4. Are these exhibition games useful for the CIS teams as they warm up for their seasons? Why do you think so many of these exhibitions have been marred by violent play and huge amounts of penalty minutes? (It should be noted that this is generally not the case with BC-UNB games, likely because they are often so evenly matched.)
This is an interesting question, because in my opinion different USports (I still haven’t adjusted to the change from the CIS brand …) hockey teams treat their US road trips differently. For national contenders like UNB, it is an early chance to test their team against an often (usually/always ?) superior NCAA opponent and see how they measure up. Those coaches say and believe you get better by playing better teams. For the non-contenders, many who are in Ontario, you hope not to get whipped too bad and try to take advantage of the team bonding on the long bus ride. For all teams it is of course an opportunity for the players to play in a NCAA rink that is probably new to them against a team they have never played before.
Ah yes, the penalty minutes. I’ve talked to a lot of players about that over the years, and witnessed a fair share of CIAU/CIS/USports – NCAA games in my time. First, the games are definitely called differently in NCAA rinks. Canadian teams play a fairly physical game, and what is a normal “good” hockey hit in their rinks often gets whistled as a rough, or boarding or something else in the States. Don’t forget, USports teams are jacked up when they play NCAA teams, and in their perceived underdog role they want to go out there and send a message. In turn, they tend to feel that NCAA refs are trying to “protect” the American players from physical contact. Hockey is a contact sport after all. Well up here it is.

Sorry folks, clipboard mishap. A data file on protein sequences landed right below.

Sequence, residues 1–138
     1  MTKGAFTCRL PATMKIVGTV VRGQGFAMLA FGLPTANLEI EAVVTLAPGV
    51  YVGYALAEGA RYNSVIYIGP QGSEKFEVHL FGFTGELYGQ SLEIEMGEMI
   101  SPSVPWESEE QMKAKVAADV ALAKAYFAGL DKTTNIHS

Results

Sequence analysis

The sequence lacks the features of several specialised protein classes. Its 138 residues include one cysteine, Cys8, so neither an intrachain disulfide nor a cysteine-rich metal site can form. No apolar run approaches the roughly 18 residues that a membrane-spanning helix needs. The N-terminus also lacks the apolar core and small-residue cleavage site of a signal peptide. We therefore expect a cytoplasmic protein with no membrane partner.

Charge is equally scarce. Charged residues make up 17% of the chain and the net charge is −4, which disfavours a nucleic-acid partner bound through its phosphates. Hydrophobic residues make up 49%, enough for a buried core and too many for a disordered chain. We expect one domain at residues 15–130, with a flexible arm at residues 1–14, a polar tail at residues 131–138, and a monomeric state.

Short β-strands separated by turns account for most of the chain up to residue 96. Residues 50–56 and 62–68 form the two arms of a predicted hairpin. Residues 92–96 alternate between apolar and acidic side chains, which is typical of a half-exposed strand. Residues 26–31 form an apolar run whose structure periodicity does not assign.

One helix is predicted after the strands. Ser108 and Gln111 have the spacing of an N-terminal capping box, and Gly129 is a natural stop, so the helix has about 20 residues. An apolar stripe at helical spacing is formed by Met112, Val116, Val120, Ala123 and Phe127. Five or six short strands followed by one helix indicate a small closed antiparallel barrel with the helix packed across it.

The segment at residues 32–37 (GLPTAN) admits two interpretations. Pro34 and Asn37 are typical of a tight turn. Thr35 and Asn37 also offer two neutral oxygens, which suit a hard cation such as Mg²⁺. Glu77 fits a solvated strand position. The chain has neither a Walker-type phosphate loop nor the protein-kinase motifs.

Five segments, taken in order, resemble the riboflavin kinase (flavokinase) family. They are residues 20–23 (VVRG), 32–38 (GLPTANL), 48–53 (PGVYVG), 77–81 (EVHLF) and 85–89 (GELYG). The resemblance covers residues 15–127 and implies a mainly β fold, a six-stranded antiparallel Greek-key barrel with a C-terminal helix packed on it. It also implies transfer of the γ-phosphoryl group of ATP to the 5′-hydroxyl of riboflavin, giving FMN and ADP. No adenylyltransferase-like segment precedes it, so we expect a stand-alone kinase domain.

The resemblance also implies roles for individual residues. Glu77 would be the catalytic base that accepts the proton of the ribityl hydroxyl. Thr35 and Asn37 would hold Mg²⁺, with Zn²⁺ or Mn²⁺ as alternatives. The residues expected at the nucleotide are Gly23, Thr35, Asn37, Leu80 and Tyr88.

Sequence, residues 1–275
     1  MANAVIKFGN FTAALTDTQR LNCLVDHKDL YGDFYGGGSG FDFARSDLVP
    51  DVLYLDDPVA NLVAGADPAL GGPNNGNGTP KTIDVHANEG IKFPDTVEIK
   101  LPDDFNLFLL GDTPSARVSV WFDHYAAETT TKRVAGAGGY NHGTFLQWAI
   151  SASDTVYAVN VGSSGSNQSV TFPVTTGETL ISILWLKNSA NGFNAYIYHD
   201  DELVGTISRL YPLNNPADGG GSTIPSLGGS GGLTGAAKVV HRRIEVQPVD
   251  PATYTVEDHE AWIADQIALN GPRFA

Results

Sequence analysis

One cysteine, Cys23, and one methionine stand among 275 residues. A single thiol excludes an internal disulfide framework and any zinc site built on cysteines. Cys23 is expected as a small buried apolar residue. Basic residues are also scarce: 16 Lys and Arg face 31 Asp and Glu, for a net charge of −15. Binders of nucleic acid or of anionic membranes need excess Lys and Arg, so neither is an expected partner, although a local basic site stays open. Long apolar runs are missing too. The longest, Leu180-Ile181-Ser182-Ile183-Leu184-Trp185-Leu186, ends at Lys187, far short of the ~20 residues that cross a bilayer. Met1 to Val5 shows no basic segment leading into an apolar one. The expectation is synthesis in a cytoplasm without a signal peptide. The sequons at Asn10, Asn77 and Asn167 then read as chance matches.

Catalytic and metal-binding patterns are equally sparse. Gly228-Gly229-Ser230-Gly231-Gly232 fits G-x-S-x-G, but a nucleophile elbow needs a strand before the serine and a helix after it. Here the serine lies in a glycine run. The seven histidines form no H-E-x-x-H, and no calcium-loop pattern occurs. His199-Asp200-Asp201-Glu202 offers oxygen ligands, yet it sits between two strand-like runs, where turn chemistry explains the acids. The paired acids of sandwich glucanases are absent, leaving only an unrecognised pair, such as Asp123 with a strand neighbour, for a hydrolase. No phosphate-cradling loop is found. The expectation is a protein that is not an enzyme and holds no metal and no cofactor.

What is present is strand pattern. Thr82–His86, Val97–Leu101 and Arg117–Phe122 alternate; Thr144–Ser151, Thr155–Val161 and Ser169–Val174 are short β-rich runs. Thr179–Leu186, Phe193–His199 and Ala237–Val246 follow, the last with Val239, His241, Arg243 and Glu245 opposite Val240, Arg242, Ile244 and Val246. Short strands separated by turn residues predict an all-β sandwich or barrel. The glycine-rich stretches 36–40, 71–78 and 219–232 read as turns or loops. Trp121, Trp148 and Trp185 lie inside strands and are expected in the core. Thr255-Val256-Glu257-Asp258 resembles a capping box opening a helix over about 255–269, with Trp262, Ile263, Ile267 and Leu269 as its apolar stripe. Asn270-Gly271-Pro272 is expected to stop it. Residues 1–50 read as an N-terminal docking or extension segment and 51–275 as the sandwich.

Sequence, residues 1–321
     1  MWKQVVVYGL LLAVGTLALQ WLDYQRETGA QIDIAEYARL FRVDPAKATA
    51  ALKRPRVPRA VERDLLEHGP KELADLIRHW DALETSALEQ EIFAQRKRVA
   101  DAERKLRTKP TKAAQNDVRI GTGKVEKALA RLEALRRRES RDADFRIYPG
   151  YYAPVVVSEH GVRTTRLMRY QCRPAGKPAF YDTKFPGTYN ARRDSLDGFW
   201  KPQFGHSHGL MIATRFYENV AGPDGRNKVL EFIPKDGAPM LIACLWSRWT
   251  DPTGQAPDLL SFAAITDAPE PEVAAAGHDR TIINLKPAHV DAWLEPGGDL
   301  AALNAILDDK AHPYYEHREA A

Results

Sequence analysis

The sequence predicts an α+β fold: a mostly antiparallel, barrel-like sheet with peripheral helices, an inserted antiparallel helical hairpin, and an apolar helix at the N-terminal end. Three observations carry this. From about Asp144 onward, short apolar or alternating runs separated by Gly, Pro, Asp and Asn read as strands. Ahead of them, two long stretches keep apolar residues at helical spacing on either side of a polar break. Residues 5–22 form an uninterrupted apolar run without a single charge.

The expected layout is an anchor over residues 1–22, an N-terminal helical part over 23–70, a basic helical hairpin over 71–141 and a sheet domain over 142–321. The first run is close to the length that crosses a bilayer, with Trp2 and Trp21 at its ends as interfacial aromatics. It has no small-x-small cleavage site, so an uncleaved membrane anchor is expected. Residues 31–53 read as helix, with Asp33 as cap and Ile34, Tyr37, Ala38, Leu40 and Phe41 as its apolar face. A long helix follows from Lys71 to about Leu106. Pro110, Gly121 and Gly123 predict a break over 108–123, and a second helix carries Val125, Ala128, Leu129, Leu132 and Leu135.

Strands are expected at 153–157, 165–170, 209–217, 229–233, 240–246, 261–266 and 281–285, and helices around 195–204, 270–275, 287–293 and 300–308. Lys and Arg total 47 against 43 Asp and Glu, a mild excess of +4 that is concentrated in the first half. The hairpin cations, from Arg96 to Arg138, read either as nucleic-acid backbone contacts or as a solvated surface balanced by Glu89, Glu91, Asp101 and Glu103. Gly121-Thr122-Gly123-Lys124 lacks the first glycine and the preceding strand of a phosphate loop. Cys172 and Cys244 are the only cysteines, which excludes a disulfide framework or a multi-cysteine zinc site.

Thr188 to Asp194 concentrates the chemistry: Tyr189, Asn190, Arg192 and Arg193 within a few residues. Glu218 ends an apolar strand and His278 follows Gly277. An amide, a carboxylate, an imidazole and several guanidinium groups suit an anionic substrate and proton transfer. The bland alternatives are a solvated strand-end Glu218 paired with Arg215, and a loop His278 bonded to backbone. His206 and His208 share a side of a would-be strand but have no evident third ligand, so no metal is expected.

Also, some teams have players who didn’t get the NCAA scholarship they hoped for, so they have a bit more to prove when they step on the ice. Then there is the whole Canada-USA hockey thing (I know, I know, there are Canadians and Americans on both sides). So anyways, back to penalties. The USports players often get frustrated with the calls, especially if there is a scrum and someone gets a 10 minute penalty for accidently grabbing a facemask (which is not a thing up here because everyone plays with a visor). So usually the Canadian team takes early “mystery” penalties. And the NCAA team scores on the power play. Rinse and repeat. Now the Canadian team is starting to get blown out, and real frustration sets in. Then you have the potential for shit shows, with some but not all teams. Pride can be a terrible thing.